- Prioritizing risks: Determine a ranked order of prioritization for each of the risks identified
- Risk management strategies: This involves strategies for resolving and exploiting risks identified
- Monitoring and reviewing results: The continuous improvement of the risk management process by way of monitoring and assessment of the risk environment; basically what works and what doesn’t, and figuring out how to improve the process
COSO is a joint US initiative established in 1985 to prevent corporate fraud. Their recently published Enterprise Risk Management: Integrating with Strategy and Performance (2017 Edition), states:
“Enterprise risk management is not a function or department. It is the culture, capabilities, and practices that organizations integrate with strategy-setting and apply when they carry out that strategy, with a purpose of managing risk in creating, preserving, and realizing value.” – Enterprise Risk Management: Integrating with Strategy and Performance
The same publication goes on to organize the framework into the following five components:
1. Governance and culture:
Enterprise risk management cannot succeed unless the organization seeks to fully integrate it within the culture of their workplace.
This pertains to the ethics behind worker responsibilities, codes of conduct, and the proper comprehension of risks, as well as all associated management programs and solutions.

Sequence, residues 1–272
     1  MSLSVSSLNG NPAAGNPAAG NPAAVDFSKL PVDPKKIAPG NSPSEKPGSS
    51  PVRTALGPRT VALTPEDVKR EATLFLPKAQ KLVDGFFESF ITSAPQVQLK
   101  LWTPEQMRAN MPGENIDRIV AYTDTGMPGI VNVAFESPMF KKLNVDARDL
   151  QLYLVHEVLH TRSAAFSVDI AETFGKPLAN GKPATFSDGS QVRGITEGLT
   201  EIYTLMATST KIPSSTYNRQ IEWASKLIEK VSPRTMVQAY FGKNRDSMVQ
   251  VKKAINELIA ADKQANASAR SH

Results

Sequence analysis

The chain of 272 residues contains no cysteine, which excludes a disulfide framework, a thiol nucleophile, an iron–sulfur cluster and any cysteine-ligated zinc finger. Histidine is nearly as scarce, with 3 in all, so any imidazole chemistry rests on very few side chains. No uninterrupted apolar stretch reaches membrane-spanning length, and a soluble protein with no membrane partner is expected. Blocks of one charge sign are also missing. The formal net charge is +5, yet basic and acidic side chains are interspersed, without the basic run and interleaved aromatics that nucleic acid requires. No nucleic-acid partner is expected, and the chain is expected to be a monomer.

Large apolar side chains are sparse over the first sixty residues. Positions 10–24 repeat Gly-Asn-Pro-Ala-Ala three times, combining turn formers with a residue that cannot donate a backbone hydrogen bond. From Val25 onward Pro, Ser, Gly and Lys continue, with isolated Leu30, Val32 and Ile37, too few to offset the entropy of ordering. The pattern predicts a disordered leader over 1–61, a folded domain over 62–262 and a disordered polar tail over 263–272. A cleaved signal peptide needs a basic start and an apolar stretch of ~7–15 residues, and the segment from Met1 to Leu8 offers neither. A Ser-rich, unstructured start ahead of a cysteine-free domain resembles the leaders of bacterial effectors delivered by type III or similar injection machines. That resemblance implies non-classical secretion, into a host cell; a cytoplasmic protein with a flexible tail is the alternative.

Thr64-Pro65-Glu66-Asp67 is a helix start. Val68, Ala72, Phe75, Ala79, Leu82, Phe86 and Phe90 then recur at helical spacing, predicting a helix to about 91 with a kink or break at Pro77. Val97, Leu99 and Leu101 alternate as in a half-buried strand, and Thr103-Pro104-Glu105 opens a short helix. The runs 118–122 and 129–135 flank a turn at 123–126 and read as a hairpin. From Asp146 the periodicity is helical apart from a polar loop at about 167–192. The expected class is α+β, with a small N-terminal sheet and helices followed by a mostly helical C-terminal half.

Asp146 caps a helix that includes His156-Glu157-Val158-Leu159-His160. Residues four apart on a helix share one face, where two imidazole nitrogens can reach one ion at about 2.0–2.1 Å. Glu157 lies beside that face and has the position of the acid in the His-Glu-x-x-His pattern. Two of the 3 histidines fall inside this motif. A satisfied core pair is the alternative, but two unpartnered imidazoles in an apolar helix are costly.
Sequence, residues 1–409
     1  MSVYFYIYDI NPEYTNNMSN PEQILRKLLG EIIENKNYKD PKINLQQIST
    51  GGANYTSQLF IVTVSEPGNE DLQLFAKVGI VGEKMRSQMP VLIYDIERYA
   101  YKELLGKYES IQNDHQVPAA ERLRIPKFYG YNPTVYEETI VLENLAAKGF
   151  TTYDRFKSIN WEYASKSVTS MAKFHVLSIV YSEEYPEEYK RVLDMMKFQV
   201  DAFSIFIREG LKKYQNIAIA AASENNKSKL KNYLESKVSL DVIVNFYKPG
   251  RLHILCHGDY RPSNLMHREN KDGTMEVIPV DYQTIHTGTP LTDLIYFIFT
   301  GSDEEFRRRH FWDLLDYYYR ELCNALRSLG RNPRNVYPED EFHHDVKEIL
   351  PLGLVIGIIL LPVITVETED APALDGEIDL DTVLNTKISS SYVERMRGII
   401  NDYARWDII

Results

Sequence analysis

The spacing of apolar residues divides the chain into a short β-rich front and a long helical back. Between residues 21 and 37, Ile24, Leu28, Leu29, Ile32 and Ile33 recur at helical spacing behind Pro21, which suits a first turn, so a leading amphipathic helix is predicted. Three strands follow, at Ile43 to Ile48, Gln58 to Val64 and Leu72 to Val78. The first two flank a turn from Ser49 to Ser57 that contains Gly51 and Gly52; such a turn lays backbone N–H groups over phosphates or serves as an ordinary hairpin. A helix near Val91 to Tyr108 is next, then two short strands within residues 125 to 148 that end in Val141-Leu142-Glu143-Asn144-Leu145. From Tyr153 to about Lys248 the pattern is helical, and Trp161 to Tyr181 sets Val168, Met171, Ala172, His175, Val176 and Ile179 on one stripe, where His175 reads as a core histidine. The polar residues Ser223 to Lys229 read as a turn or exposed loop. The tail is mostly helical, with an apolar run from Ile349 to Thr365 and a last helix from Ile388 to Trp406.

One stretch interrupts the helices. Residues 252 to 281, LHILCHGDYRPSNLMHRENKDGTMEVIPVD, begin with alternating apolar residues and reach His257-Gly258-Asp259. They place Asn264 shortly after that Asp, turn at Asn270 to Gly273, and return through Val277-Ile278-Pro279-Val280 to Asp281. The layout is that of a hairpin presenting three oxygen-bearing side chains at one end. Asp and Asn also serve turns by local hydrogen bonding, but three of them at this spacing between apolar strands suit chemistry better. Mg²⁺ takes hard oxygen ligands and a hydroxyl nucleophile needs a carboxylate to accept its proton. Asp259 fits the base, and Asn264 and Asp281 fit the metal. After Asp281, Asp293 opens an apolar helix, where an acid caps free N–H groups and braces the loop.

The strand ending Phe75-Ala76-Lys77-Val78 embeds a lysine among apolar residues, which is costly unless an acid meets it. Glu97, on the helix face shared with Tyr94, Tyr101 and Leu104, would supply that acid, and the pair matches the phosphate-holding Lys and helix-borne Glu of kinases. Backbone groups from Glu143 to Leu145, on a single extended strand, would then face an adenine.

2. Strategy and objective-setting:
A fundamental part of ERM is making sure the risk management strategies align with core objectives and broader business strategies.
Business objectives are the basis for planning and implementing strategies, while simultaneously serving as a launch-pad for identifying, assessing, and responding to risks.
Assessing how certain risks will impact the performance of key processes is important for risk prioritization.
In this context, risks are prioritized in order of their severity.
Following this, risk responses are selected based on an assessment of the potential for risk that has been identified. Results of this part of the process are typically reported to key stakeholders.
4. Review and revision: